“We don’t really make a conventionally defined ‘quick change’ chuck at this facility,” Mr. Duerr says. “For truly unattended, lights-out operations, we engineer a fully automated workholding system that incorporates vision systems, servo control that can automatically change the chuck on the machine, to grip the next part. These chucks can individually adjust each jaw to compensate in pressure and geometry. Workholding automation is our specialty and competitive advantage.”

Chucks for the wheel turning industry have been one of LMC’s most successful product lines. These include automotive, but also extend into aerospace, railroads and transportation in general.

Often these applications can be highly variable from wheel to wheel. “We call this variability chaotic manufacturing,” Mr. Duerr says. “For those customers, we design a system that automatically changes out the face of the chuck, while a common base plate remains attached to the machine spindle. One way to think about it is as sort of a chucking version of an automatic tool changer.”

The clamping mechanism for these chucks uses a pull back gripping system that secures the workpiece periphery in an axial direction. This negates the affects of centrifugal forces, which are often a limitation of rotational speed on more conventional radial gripping chucks.

While pull back chucks are not a new concept, what’s new is combining them with programmable, sensor technology that can control stroke and pressure. Rather than use limit switches, LMC employs tunable contact sensors in its custom chucks.

Its steady rest business is an example of improved workholding engineering, and its success stems from the close machine tool builder/vendor relationship that LMC has established. “The top end of our steady rest products, the grippers and rollers, are built by our JV company in Sweden,” Mr. Duerr says. “We manufacture the machine interface based on the technical specifications provided for each machine. These specs tell us where to locate actuators for clearance and how to best attach to each machine way system. This eliminates interference with doors, turrets tailstocks and so on, so in effect, each steady rest is custom. It’s a good collaboration for all parties.”

 If I Wanted it Tomorrow

For all its technical advances, current and ongoing, the specialty workholding business is customer driven. Companies, even 97-year-old ones, must keep driving themselves forward or be left behind.

Mr. Duerr relates a story that seems to be a driver behind the continued improvements LMC makes in its manufacturing capabilities. He says, “I had a customer tell me with regards to service and delivery—if I wanted it tomorrow, I would order it tomorrow. Why don’t you have it for me today. Trying to satisfy “instant gratification” seems to be an increasingly integral part of the manufacturing landscape.”

LMC is committed to an ongoing investment strategy that enables it to keep up with the changing needs of its customers and take advantage of improvements in manufacturing technology. This includes capital investments as well as process and plant improvements.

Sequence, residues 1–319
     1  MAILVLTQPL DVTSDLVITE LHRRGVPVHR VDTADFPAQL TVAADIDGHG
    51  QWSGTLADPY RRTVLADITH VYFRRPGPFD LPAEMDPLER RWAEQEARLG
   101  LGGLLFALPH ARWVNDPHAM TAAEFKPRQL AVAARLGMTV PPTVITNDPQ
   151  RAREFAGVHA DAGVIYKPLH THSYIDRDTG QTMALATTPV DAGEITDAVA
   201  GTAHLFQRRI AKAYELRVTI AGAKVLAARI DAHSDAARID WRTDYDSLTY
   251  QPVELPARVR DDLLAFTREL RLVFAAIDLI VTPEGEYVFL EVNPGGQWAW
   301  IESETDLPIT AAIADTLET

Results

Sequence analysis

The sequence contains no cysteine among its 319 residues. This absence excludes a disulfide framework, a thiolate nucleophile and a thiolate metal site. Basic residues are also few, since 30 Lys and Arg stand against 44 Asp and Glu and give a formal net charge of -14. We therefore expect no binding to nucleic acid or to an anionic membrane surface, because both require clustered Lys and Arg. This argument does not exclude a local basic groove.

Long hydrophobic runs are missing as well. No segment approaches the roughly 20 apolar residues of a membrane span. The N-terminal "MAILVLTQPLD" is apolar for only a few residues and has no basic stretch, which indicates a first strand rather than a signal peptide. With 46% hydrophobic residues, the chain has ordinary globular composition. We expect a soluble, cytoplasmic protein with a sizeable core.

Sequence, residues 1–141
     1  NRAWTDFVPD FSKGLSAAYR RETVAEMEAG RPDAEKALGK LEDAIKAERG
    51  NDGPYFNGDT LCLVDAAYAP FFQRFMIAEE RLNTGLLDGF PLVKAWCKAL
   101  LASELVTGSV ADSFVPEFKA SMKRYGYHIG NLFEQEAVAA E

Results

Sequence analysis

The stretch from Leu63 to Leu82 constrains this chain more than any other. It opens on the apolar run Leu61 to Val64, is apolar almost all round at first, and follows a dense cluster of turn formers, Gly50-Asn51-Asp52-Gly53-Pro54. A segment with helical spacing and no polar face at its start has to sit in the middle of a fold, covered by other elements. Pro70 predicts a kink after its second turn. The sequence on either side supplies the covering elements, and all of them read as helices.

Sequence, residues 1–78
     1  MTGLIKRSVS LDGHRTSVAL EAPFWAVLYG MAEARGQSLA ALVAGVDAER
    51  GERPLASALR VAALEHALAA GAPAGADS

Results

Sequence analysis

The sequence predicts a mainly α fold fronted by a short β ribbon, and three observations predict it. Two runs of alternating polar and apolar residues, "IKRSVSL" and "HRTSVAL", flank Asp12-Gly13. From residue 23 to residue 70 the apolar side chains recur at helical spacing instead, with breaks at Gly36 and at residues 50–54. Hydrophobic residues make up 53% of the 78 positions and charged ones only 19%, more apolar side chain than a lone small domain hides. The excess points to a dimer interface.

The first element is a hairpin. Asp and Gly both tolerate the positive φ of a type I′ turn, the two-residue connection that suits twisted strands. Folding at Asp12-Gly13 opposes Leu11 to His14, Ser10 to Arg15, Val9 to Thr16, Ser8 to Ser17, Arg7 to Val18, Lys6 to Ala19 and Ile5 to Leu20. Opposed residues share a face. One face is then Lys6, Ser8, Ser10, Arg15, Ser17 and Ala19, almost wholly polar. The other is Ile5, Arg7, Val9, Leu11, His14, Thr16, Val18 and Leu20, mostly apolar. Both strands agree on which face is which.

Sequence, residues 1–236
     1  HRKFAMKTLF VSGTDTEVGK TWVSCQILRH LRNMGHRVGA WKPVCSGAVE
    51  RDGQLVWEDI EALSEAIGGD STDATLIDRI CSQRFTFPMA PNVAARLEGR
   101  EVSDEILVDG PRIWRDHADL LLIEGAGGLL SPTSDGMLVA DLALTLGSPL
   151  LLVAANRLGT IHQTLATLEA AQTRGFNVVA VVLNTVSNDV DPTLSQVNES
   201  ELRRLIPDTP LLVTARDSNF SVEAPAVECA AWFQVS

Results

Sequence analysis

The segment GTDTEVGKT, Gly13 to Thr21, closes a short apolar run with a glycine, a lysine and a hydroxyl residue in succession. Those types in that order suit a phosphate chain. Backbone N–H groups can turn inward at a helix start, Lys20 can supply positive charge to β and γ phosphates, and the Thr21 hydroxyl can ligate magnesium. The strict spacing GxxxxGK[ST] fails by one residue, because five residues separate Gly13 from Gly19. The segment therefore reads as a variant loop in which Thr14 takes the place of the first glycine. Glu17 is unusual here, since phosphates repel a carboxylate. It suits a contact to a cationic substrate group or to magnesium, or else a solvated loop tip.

“As part of our mission statement,” Mr. Duerr says, “we want to keep every piece of equipment to be no older than 7 years, and we hope to make that 5 years. We see enough of a jump in technology over a 5- to 7-year period that the productivity gains that can be realized justify the investment.”

The reason LMC is reinvesting now is market driven. Its business has increased, therefore, some of these investments are capacity driven. At the same time, benefits derived from more efficient and productive technology are lowering manufacturing costs and shortening deliveries.

“The metric is time,” Mr. Duerr says. “Producing the amount of actuators and chucks that we can produce today would have taken four to five times longer 15 years ago. Our ability to rapidly respond to customer demands is not a slogan, it’s our driver. Companies that invest in our specialty workholding products cannot be “down,” which makes our ability to respond critical. We do not have the luxury of saying that one-off order has to wait 6 weeks until a machine is available.”

That creates a balancing act to maintain enough machining capacity to respond to rush jobs and still have a reasonable utilization rate for production. In order to help with this balancing act is the centerpiece of the company’s recent capital investment: a seven-pallet horizontal machining cell.

In addition, over the last year, LMC purchased several vertical machining centers, turning centers and grinders. These machines were installed for additional capacity. Over the last 18 months, LMC purchased eight new machines as replacement for older equipment to meet its goal of having no equipment on the floor more than 7 years.

“We’ve gone from a one-shift operation to three shifts in the last year,” Mr. Duerr says. “By installing new, more efficient lighting throughout the shop, along with the more energy efficient machine tools, my energy costs are the same for three shifts as they were for one. If you look, cost savings are everywhere.”

An unanticipated, but positive benefit of LMC’s dedication to reinvestment has been in employee morale. “We upgraded the facilities here along with the equipment,” Mr. Duerr says. “Our people recognize that we are in this for the long haul, and they tend to feel more secure about their futures, which translates to better workforce stability.”

A Young 97

A willingness to change and invest seems to be a hallmark for manufacturing longevity. “Trying, making mistakes and trying again,” Mr. Duerr says, “has been a pattern for LMC through its long history. The secret is to learn from mistakes and rectify them with new ways that move the business forward. Customers appreciate effort from their suppliers. They will not condone complacency.”